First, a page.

HALIFAX – A WWI artifact, in pristine condition and with a remarkable history, now has a permanent home at the Shearwater Aviation Museum.
The flag dates back to May 1916, when Quebec brothers Roy and Donald Foss signed up for overseas duty. They joined the 28 Squadron, Royal Air Force and brought the flag as a memento of their home country.
“Just think of it, this flag was there at the Third Battle of Ypres and at the Italian front. What deeds might it tell of Canadian skill and daring,” said Canadian Naval Memorial Trust member Hugh MacPherson.
The brothers came home safely from the war and for decades the flag was carefully kept by their family and later entrusted to a friend.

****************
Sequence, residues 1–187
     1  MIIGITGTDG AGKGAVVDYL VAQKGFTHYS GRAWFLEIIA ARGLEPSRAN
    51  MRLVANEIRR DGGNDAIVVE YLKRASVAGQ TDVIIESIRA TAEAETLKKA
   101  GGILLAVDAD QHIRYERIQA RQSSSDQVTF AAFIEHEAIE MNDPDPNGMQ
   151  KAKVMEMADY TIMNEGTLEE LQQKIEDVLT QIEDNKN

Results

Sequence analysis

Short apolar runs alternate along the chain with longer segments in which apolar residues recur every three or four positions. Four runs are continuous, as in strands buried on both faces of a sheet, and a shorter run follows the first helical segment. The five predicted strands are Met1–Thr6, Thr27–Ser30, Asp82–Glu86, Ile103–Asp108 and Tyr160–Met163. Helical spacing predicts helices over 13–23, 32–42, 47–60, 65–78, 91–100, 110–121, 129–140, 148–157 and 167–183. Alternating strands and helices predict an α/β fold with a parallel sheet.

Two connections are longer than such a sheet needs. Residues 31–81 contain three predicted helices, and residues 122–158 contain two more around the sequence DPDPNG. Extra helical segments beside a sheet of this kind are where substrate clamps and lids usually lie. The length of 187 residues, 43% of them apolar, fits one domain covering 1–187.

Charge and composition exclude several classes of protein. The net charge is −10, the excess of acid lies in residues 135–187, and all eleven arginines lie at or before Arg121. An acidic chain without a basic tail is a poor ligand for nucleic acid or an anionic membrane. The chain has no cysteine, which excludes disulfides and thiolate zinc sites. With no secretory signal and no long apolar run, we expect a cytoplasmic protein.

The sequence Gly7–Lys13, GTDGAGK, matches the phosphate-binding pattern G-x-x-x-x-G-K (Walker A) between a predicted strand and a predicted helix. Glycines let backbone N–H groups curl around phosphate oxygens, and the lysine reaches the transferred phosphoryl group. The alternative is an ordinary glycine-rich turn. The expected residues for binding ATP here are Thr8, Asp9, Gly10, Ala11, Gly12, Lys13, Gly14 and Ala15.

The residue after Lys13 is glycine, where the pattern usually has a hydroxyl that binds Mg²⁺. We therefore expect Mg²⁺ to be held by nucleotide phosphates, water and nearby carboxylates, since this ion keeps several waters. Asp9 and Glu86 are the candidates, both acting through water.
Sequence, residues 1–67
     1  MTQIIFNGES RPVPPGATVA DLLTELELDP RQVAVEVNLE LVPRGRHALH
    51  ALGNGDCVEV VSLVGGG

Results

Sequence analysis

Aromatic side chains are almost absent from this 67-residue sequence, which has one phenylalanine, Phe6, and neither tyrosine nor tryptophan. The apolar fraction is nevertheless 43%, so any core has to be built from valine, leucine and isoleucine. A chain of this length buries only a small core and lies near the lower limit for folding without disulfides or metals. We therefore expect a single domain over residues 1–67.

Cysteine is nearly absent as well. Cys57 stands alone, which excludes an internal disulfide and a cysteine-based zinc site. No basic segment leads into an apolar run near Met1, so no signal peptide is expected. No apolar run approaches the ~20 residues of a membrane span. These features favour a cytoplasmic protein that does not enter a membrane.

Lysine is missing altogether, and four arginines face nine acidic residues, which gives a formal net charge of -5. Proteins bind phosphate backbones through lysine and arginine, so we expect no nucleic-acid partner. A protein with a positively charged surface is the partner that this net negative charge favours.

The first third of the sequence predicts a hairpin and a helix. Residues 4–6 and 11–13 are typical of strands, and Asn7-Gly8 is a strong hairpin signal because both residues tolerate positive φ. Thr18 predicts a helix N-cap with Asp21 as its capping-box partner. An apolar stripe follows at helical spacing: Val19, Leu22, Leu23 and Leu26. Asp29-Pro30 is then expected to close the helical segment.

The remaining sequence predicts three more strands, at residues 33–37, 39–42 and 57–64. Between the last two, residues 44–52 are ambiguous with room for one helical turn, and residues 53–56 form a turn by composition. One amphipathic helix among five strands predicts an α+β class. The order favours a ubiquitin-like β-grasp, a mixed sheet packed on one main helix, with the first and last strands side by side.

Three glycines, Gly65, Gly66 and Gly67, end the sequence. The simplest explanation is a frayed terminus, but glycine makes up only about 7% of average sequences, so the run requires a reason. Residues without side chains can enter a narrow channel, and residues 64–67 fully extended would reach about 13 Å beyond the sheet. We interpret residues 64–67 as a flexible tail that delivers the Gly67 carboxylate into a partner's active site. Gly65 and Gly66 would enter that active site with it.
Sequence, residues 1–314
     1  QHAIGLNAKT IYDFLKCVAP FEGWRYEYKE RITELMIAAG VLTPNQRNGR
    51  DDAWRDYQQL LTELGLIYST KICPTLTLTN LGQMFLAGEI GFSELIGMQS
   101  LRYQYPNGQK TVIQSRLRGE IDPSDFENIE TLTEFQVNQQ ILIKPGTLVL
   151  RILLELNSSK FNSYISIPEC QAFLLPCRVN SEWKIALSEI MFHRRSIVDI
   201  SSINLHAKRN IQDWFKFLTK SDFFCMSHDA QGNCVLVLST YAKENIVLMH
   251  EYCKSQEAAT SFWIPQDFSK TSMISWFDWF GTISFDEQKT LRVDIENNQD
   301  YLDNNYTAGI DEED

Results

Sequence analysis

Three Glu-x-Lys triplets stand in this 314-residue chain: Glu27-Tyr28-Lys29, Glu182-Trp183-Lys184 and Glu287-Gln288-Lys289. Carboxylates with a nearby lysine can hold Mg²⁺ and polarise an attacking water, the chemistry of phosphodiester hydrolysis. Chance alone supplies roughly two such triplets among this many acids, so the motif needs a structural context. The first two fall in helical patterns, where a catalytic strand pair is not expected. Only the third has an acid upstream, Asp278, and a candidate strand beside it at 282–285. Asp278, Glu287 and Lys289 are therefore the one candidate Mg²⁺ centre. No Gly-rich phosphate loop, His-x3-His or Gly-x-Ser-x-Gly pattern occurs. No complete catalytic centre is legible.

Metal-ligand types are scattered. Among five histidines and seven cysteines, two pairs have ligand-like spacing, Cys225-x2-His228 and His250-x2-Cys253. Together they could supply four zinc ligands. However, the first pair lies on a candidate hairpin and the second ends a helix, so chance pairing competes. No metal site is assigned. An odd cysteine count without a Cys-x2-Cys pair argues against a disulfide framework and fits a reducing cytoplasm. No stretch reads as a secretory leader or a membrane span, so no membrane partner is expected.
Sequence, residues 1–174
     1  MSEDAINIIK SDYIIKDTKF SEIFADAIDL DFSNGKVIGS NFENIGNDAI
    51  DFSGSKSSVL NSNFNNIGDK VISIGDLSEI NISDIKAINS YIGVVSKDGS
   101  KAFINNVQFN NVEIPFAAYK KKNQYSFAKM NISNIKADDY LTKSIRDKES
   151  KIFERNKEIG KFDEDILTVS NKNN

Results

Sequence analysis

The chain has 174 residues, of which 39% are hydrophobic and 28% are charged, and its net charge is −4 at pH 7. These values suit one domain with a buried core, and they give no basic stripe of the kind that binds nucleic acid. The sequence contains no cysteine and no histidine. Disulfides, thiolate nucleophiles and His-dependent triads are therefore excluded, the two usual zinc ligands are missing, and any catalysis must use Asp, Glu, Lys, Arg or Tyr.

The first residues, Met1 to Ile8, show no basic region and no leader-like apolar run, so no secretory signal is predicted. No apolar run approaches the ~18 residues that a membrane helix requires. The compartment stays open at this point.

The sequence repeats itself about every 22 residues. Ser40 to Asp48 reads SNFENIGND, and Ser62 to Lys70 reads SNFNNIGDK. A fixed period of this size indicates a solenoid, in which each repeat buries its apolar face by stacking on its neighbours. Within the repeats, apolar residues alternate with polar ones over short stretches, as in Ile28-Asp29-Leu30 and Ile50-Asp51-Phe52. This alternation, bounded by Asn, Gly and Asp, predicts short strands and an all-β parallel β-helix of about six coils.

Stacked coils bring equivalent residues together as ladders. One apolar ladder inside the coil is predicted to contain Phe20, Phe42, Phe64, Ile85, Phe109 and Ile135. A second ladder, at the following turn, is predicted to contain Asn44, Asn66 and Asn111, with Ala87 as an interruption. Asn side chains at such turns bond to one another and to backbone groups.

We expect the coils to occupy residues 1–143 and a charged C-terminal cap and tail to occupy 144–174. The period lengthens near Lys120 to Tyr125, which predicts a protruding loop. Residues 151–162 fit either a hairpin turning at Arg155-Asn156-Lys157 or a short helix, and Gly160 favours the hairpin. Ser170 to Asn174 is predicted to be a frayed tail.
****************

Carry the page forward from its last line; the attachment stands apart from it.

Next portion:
That friend, now 91, decided to donate it to HMCS Sackville, which in turn re-gifted the flag to the Shearwater Aviation Museum.
A reception was held on Tuesday on board HMCS Sackville.
“It’s a reminder that Canadians, not just in aviation but particular in this case in aviation, are pioneers,” MacPherson said. “I think more than that, we do it in a rather unsung fashion.”
The museum’s curator, Christine Hines, says the artifact has a special place in 12-Wing Shearwater’s history.
Donald Foss later became a pioneering bush pilot in Quebec and northern Ontario, flying a decommissioned Curtiss HS-2L. That same aircraft was flown in Halifax by the air station’s commander Lt. Richard E. Byrd, who would later become an Arctic explorer.
“What it could say if it could tell us what it’s seen and where it’s been I think would be really interesting stories. It gives us a chance really to tell a few more stories.”
The museum plans to display the flag prominently and feature it in their centennial celebrations in 2018.